A few weathered cars

Discussion in 'Weathering Forum' started by kitsune, Nov 15, 2006.

  1. kitsune

    kitsune Member

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    Here are a few examples of cars I've weathered. Msot started with prototype photos as guides. My medium was Polly Scale paints mostly, though I did creative things with colored pencils on a few. All of these got sold on eBay last year to raise cash.
  2. kitsune

    kitsune Member

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    BN 481260
    55' ACF 3-Bay covered hopper
    Accurail Kit

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  3. kitsune

    kitsune Member

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    BN 456769
    54' Pullman-Standard 3-Bay covered hopper
    Athearn RTR

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  4. kitsune

    kitsune Member

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    BN 461909
    FMC 54' 3-Bay covered hopper
    MDC Kit

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  5. kitsune

    kitsune Member

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    NP 119857
    61' Wood Chip Gondola
    Walthers RTR

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  6. TruckLover

    TruckLover Mack CH613 & 53' Trailer

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    Those look great, I am thinking of doing some graffiti on a couple of my hoppers too.

    Nice Weathering:thumb: :thumb: :thumb: :thumb:
  7. kitsune

    kitsune Member

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    RBOX 34685
    ACF 50' Single-sliding-door boxcar
    Accurail Kit (Limited)

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  8. kitsune

    kitsune Member

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    RBOX 37862
    50' FMC Single sliding door boxcar
    MDC Kit

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  9. kitsune

    kitsune Member

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    SP 340000
    65' Mill Gondola
    Walthers RTR
    This car now lives on Joe Fugate's Sikiyou Line layout.

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    Thats the last one for now!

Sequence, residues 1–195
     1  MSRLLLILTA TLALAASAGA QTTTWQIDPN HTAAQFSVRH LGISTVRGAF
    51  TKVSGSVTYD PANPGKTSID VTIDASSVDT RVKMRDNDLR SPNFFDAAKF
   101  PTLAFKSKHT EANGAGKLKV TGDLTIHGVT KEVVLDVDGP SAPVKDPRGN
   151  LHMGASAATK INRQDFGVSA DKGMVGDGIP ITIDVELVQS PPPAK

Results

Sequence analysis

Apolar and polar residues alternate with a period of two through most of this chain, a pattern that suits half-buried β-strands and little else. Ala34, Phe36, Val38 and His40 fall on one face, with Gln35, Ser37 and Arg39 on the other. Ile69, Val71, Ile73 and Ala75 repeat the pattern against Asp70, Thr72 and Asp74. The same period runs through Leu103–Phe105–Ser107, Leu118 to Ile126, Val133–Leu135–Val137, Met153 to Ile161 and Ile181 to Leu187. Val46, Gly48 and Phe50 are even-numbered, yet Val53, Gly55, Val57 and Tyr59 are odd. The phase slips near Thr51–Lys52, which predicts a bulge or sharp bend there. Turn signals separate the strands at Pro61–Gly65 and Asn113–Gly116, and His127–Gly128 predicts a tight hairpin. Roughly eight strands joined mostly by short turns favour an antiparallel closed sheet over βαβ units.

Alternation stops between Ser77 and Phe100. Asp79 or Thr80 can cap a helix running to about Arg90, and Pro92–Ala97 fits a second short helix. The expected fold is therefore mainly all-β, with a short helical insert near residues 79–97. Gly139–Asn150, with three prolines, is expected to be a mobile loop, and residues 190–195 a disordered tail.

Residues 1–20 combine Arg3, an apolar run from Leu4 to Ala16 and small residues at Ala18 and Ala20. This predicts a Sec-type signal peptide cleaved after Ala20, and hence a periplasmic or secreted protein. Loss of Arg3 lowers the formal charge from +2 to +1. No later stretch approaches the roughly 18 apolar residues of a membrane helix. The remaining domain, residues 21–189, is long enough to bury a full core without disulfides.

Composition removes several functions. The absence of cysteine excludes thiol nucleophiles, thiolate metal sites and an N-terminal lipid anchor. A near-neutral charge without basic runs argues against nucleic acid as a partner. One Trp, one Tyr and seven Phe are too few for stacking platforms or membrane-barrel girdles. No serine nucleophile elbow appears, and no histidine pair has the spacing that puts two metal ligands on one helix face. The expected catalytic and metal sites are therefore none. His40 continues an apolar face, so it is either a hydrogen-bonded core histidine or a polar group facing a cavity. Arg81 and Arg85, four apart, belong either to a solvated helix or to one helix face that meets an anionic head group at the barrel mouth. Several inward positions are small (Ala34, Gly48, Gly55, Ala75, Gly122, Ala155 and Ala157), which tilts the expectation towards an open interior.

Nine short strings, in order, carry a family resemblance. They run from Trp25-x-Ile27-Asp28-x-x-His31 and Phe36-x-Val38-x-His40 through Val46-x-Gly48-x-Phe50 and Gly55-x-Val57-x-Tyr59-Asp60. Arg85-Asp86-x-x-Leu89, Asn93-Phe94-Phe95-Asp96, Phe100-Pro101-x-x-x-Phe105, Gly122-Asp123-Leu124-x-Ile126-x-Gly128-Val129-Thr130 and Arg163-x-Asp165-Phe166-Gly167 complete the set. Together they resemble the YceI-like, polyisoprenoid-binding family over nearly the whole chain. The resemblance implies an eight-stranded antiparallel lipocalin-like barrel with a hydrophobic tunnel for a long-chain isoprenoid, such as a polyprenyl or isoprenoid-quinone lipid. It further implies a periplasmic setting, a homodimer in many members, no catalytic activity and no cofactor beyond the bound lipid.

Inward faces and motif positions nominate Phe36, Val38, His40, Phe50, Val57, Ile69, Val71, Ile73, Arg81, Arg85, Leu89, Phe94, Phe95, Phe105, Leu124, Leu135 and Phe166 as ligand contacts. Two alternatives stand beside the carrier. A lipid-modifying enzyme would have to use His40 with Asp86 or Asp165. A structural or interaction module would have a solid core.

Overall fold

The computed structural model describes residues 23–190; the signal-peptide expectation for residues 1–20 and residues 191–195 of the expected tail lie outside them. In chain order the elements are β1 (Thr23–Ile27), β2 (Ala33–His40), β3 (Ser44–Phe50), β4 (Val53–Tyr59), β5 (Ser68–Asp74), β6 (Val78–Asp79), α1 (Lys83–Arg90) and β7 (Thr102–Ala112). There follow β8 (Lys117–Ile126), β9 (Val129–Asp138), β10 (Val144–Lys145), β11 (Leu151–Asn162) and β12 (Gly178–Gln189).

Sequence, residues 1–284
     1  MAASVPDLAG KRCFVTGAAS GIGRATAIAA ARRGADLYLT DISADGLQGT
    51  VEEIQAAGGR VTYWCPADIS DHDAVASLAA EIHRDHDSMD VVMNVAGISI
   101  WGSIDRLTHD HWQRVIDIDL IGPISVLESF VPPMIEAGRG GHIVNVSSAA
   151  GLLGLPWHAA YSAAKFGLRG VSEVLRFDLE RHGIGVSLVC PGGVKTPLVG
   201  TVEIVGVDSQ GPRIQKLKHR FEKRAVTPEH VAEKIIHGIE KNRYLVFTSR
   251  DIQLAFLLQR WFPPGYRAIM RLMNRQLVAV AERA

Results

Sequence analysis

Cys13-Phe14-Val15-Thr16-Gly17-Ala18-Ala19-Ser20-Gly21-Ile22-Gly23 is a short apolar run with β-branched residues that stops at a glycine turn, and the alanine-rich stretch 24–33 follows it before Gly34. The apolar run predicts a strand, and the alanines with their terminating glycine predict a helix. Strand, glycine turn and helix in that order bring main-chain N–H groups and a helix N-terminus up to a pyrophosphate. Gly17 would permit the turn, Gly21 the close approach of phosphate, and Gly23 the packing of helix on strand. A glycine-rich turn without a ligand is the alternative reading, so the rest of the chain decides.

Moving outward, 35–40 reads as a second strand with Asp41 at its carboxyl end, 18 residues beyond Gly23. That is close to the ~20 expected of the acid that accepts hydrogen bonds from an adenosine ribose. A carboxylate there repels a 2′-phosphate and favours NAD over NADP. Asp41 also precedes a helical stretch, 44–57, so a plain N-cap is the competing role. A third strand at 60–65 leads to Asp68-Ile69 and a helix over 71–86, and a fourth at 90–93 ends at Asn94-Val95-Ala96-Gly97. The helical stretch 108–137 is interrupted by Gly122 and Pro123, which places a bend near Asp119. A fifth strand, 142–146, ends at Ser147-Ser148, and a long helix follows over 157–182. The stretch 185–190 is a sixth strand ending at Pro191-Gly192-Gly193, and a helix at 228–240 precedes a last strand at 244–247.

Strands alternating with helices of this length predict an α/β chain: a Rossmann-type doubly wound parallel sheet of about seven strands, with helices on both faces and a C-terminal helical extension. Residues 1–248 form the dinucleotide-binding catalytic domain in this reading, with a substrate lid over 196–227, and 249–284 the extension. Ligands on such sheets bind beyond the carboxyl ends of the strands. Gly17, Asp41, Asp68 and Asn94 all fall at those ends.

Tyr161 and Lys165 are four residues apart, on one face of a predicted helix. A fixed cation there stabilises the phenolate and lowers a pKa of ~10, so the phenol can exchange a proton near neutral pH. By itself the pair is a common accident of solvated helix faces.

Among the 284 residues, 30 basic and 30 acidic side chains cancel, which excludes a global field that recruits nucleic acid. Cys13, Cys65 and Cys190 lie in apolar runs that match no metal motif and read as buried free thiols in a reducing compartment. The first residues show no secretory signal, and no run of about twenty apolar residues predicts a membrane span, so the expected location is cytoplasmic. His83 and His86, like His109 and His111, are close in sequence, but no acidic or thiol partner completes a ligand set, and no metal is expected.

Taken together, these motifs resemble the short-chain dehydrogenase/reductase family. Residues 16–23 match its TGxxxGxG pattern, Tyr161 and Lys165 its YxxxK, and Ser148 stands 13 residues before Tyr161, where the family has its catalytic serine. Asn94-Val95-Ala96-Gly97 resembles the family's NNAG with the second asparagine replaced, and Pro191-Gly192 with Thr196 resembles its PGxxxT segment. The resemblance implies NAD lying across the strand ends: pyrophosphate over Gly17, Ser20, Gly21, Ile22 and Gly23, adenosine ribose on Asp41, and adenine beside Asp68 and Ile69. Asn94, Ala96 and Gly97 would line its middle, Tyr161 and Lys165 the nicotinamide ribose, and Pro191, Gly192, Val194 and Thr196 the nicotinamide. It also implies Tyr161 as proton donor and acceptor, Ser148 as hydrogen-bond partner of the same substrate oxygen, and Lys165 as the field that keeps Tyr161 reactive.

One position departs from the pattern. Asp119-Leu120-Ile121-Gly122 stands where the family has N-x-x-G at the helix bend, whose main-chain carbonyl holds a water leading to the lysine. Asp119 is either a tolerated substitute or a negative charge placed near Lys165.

10. TruckLover

    TruckLover Mack CH613 & 53' Trailer

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    Sorry for posting in between

    Now that they are done for now, my jaw just about hit tha floorjawdrop
    Those really look cool and I am sure the buyers are very pleased with them.
    I really need to start chalk weathering and dry brushing.bounce7
  11. Herc Driver

    Herc Driver Active Member

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    My compliments...those look great.
  12. UP SD40-2

    UP SD40-2 Senior Member

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    VERY NICE WORK!, kitsune:thumb: :thumb: i have to admit, i am NOT one that goes for graffiti:rolleyes: , HOWEVER, i think you did a great job with it!:thumb: :D -Deano
  13. kitsune

    kitsune Member

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    FYI none of these used chalk. I know a lot of people use it and I've seen good results, but I've never liked working with it.

    The grafitti came from Berol colored pencils, the creamy, thick leaded ones, sharpened very finely with a hand sharpener. The best thing is to study real grafitti. I've taken many photos of the lower sections of freight cars in the area I'm modeling and used those as a guide for the style to apply.
  14. kitsune

    kitsune Member

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    I don't like the oversized grafitti you see a lot of, though I may do one or two cars that way for realisim. Normally, though, I restrict my grafitti to what I call "line" or "chalk" grafitti. A lot of this stuff is done by crewmen doodling on the cars with paint sticks, sometimes referencing car routings and spottings and switch moves, but more often just doodling for fun. This practice has its roots in old flat classification yards, where yardmen would mark cars for what track they need to go on with chalk.
  15. TruckLover

    TruckLover Mack CH613 & 53' Trailer

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    Oops :oops: I didn't see the part were you said polly scale paints. Still look great and I am drooling over them right nowsign1
  16. brakie

    brakie Active Member

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    What colors of paint did you use and what colored pencils did you use?
    The reason I am asking I want to try my hand at weathering and need some ideas.
  17. kitsune

    kitsune Member

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    Generally I'll use a rust color and a grime color. Rust and Grimy Black work from Polly. A lot of it is applying the paint, letting it set for about 2-3 minutes, then wiping it off with a rag, leaving an evenly streaked dingy surface. I try to find a photo of a similar car either in my own photos or on George Elwood's site to see what patterns I need to try and copy the style of.

    The colored pencils were primarily used for the grafitti. I did however use colored pencils for spot rust and pock marks on some of the cars. For weathering, a black pencil and a few browns will do. (By black I mean black, not graphite.) Berol thick leads are the only ones I like because their lead is a somewhat creamy/greasy consistancy that sticks better to plastic.

    For grafitti, use pastel pencils. They have to be white or pastel colors that are based on a white pigment or they won't be opaque enough to show. Though yellow and red tones work too. I used primarily a white pencil, with a few select uses of pastel lavendar, pastel green, orange, red, and yellow.